Saturday, October 11, 2008

The Egyptian State Continues to Chip Away at Journalistic Freedoms

AFP: Egypt journalists fined for papal sheikh photo

CAIRO (AFP) — A court on Saturday fined an opposition editor and a reporter 80,000 pounds (14,600 dollars) each for publishing a doctored picture of Egypt's leading cleric wearing a papal robe, a judicial source said.

Mohammed Sayed Tantawi, head of the Islamic Al-Azhar University, had filed a defamation suit against Adel Hammuda, editor-in-chief of Al-Fajr newspaper, and reporter Mohammed al-Baz on the grounds that the picture and an accompanying article were insulting.

The article was critical of Tantawi's visit to the Vatican after Pope Benedict XVI had made comments about Islam's spread that Al-Fajr said were insulting to Muslims.

The court ordered Hammuda and Baz to pay fines of 80,000 pounds and an additional 5,000 pounds each in compensation for Tantawi, Egypt's state-run MENA news agency reported.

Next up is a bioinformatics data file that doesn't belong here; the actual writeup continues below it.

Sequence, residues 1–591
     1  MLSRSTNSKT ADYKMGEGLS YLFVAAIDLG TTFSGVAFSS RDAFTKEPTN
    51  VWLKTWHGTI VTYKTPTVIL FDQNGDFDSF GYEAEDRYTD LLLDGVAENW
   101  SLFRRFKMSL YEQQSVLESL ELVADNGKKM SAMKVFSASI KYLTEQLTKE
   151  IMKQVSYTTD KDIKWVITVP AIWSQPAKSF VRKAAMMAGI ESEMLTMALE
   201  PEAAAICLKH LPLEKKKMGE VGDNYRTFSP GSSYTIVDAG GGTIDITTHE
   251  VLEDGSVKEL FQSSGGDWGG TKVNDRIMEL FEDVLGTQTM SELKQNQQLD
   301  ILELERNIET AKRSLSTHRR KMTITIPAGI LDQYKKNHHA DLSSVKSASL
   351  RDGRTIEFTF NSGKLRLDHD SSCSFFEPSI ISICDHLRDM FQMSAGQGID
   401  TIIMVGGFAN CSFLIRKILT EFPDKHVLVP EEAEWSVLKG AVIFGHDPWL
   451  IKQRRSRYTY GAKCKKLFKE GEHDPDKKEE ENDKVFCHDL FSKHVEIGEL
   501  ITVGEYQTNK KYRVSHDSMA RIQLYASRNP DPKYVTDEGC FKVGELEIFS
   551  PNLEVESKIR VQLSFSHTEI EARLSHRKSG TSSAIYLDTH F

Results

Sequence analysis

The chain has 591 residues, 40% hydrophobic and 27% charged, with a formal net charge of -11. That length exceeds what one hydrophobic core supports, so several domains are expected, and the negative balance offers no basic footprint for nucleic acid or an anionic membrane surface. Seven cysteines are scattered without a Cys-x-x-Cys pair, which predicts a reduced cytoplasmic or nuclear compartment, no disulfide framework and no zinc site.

Hammuda criticized the ruling, saying libel laws in Egypt were being used to stifle the press.
"They're coming up with ways to restrict journalists. They should annul the laws that allow judges to jail reporters," the opposition paper's editor told AFP after sentencing.

Head of the most prestigious and oldest Islamic university in the Muslim world, Tantawi is often criticized by the Egyptian opposition for his support of President Hosni Mubarak.

No comments: